12th March 2020 – speculations had started that the Naira had devalued. But now, 10 months later, the speculation has become a reality. On January 26, 2021, the exchange rate at the black market where forex traded unofficially depreciated at N480/$1. The exchange rate at the parallel market closed at N477/$1 on the previous trading day of January 22, 2021, representing a N3 drop.
Why is Naira depreciating?
- This can be attributed to demand pressure in the foreign exchange market as economic activities resumed in earnest following the end of the Christmas and New year holidays.
- Forex dealers also inform Nairametrics that an increase in demand from Nigerians looking to send their wards back to school abroad has also piled pressure on the demand for the greenback.
- A cross-section of importers have also resumed import activities piling pressure on the black market to meet their forex demands.
Nigeria – a patchwork of distinctive regions – deserts, plains, swamps, mountains, and steamy jungles. But also, the home of my most valued clients. Over the course of 2020, I have helped over 100 Nigerian business owners and Senior employees diversify their funds and avoid the complications of doing business with a single currency. So, why are my Nigerian clients so keen to stray away from just doing business in their home country?
Since the first quarter of 2020, Nigeria has faced an exchange rate crisis, triggered by a drop in oil prices. This crisis began after two of the world’s largest oil producers, Saudi Arabia and Russia, disagreed on how to proceed in regards to oil supply cuts, causing a price conflict that pushed oil prices to crash as low as under zero dollars. As well as this, the world became fully aware of the existential threat that is the COVID-19 pandemic, which has swept across the globe, affecting millions of people and businesses. These two events have had an impacting and lasting effect on Nigeria’s economy. As an economy highly dependent on crude, the oil price war meant Nigeria earned less from crude oil sales cascading to an even larger problem – Forex.
With the price of oil down, the pressure on Nigeria’s exchange rate has grown exponentially. This has caused speculations of Naira devaluation.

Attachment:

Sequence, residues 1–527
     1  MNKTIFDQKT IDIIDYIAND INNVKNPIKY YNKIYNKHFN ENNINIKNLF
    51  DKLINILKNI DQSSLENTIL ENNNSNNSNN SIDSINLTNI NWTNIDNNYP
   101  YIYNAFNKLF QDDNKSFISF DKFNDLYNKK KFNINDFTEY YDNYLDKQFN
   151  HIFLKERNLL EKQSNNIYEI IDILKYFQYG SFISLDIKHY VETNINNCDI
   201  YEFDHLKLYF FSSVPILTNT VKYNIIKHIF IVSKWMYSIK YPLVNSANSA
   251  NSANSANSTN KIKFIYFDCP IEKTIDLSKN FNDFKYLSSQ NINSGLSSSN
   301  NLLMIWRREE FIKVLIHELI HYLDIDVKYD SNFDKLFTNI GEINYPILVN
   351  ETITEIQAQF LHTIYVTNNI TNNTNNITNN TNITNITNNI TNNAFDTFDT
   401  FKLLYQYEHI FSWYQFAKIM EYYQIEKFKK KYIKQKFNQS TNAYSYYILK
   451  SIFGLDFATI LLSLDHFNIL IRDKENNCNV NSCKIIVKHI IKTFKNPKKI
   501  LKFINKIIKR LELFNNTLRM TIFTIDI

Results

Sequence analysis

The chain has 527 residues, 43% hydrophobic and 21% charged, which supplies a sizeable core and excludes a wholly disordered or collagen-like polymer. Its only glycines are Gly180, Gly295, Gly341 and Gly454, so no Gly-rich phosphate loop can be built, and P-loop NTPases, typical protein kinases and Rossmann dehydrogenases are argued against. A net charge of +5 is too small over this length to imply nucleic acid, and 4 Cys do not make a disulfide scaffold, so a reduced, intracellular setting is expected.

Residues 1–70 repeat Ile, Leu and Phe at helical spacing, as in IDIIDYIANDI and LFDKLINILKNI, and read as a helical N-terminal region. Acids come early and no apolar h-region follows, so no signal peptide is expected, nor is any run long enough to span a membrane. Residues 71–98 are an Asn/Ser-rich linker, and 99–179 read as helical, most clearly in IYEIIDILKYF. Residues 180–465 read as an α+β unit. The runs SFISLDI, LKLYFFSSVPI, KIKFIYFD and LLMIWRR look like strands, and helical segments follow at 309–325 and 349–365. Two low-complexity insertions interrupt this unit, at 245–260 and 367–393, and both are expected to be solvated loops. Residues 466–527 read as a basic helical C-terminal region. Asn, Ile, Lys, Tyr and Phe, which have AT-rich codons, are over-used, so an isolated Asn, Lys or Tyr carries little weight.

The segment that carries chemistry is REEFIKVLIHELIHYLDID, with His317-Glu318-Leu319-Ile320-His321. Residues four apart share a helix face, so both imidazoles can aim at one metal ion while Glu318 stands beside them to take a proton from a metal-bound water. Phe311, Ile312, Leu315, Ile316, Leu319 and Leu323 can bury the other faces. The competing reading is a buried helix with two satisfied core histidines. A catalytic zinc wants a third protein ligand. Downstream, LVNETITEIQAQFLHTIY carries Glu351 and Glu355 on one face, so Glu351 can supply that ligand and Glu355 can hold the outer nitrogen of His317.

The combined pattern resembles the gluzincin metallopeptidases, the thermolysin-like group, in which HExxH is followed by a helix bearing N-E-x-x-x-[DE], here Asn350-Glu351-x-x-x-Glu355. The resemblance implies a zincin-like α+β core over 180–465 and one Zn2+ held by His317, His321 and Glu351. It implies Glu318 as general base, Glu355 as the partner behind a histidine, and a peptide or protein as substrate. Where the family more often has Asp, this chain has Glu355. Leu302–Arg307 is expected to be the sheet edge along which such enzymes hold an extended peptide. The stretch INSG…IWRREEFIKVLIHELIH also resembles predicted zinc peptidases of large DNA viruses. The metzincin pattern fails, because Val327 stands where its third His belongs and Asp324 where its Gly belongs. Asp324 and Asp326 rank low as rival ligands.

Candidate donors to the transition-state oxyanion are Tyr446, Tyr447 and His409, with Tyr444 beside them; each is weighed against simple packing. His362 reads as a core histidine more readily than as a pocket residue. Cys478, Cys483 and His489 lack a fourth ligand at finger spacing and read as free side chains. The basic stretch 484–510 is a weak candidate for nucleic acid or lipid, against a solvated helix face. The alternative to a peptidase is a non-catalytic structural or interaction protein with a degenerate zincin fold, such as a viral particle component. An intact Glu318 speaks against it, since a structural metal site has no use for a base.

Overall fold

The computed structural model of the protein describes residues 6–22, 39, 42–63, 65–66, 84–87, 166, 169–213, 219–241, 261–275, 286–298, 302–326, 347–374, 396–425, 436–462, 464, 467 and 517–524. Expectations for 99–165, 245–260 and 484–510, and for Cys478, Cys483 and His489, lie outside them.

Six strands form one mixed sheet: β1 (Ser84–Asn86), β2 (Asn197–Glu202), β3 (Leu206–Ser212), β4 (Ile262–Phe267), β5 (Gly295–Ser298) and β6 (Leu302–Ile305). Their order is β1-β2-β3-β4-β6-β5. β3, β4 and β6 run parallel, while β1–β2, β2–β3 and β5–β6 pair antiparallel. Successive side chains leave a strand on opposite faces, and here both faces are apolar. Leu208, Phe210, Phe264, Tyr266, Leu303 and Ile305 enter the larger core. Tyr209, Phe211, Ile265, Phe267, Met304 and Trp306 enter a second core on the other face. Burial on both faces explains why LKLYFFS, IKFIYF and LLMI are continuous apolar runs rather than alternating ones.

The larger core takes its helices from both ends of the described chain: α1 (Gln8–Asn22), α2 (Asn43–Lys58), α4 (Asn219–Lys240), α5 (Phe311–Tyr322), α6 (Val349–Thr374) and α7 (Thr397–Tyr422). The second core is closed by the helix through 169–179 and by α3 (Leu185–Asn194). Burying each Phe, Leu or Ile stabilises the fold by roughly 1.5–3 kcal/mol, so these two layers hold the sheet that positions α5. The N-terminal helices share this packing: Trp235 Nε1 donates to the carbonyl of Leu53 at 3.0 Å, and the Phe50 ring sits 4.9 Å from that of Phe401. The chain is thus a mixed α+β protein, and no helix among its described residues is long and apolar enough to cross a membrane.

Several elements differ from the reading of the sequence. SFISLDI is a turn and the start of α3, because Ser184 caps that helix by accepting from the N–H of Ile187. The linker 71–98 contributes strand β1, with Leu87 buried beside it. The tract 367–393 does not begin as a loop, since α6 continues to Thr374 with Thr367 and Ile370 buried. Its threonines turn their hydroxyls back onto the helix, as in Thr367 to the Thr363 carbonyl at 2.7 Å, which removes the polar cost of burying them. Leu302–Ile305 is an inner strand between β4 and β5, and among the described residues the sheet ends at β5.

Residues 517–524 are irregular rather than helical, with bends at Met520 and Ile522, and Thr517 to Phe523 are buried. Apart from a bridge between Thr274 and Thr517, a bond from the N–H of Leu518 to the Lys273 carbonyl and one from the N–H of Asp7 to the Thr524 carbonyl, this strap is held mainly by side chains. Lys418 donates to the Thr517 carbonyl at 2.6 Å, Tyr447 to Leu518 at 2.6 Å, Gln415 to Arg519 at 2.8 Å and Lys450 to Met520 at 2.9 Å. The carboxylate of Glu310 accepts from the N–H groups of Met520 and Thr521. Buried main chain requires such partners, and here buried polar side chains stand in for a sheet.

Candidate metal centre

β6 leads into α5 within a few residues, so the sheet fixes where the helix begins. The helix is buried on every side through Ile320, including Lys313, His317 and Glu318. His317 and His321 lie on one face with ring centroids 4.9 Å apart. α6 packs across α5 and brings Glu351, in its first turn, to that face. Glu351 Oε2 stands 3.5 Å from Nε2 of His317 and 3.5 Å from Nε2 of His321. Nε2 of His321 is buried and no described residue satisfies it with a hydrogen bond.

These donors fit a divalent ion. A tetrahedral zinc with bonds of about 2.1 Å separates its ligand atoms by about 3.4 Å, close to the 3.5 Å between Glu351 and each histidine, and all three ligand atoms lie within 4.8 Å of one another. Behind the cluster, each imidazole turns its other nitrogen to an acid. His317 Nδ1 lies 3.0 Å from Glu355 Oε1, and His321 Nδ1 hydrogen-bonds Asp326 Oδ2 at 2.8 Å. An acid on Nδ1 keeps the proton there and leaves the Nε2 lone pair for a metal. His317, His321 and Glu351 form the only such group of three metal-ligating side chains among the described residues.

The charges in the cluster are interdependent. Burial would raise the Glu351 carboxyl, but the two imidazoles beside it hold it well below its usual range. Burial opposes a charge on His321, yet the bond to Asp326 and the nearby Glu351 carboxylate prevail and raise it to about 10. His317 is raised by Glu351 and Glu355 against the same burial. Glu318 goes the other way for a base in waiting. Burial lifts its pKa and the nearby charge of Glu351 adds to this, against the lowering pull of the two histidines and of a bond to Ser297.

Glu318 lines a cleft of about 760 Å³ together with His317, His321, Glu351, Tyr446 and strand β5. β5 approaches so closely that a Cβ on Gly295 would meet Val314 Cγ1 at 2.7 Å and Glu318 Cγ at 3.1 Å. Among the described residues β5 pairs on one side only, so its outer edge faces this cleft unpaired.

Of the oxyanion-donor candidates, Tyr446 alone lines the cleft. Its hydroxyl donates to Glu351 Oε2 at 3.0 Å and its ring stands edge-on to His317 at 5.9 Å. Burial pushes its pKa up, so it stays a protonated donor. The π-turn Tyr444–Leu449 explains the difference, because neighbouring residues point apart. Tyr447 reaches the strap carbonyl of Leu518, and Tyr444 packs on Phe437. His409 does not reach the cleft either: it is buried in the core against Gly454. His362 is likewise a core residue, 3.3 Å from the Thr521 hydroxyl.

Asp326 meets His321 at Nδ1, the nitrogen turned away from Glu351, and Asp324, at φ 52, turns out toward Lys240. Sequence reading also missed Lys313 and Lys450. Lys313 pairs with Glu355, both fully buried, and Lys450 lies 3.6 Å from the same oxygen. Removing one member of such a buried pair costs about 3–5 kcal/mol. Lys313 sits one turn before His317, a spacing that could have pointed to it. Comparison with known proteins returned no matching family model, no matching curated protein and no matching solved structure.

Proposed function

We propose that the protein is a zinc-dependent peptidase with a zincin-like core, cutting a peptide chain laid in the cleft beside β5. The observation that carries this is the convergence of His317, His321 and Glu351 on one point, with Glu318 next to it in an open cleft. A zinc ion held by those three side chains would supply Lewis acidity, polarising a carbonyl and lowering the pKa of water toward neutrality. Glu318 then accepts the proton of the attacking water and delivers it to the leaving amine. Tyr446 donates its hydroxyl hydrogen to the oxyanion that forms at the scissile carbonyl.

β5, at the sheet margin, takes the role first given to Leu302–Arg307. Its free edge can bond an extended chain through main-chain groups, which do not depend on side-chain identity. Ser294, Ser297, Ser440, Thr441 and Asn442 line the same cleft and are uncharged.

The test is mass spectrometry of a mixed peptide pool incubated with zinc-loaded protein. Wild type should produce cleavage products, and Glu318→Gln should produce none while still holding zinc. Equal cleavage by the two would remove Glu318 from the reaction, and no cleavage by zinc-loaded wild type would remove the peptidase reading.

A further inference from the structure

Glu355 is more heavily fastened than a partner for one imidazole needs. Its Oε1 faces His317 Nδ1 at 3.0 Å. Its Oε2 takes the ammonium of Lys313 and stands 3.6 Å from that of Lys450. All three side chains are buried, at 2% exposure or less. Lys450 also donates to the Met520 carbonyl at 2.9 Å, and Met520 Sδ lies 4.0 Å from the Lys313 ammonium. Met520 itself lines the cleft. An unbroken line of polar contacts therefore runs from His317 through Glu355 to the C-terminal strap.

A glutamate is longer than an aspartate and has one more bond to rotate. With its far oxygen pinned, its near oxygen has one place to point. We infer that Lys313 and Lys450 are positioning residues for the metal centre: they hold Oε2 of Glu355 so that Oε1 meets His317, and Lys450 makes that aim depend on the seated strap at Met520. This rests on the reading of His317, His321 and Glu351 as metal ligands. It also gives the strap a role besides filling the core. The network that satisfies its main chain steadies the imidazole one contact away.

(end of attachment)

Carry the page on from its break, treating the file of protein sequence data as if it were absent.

“If the situation persists it will lead to lay-offs,” he said. “If you are not producing, there will be a shortage of goods in the market, prices will go up.” – Muda Yusuf, director general of the Lagos Chamber of Commerce.
The Nigerian Naira has lost close to 30% in value within the last year, and more than 200% in the last 10 years. This situation has led to a spike in capital outflow as well as high unemployment. While greater attention has been placed on COVID-19 as the main cause of the economic challenges this year, the current Forex situation should be looked at as the cause of the existing structural and policy challenges that have been limiting the country’s FX earnings.
While we cannot neglect the adverse impact of COVID-19, a look at the country’s trade account last year shows that the country started a trade deficit run from Q4-2019, despite the buoyant oil price in the year. The drop in oil price and decline in volume due to militant operations depleted the Forex reserve significantly, the government had failed to devalue the Naira, and investors struggled to get Forex.
Forex reserves had been depleted below 40 billion before the end of 2019. In short, the first, second, and third devaluation are long overdue with added pressure from COVID-19.
Why did my clients choose the UK over Nigeria? The UK has a 200 year old system with a much more knowledgeable approach to dealing with coming recessions. A 2.855 trillion USD GDP in the UK compared to 397.3 billion USD GDP in Nigeria (2020), shows that the economic performance of the UK this year, despite the pandemic and hovering brexit deal, is balanced and secure. The UK thrives from “instability” in its market. When the Brexit deal is finalised and the Pandemic begins to wither, the strength of the pound and the UK market will thrive at a high level of success. Many Nigerians are opening business bank accounts in the UK, but why? Reducing exposure to one currency allows Business owners to diversify their funds and protect their funds against economic ruin. It provides financial security for their business, families and loved ones.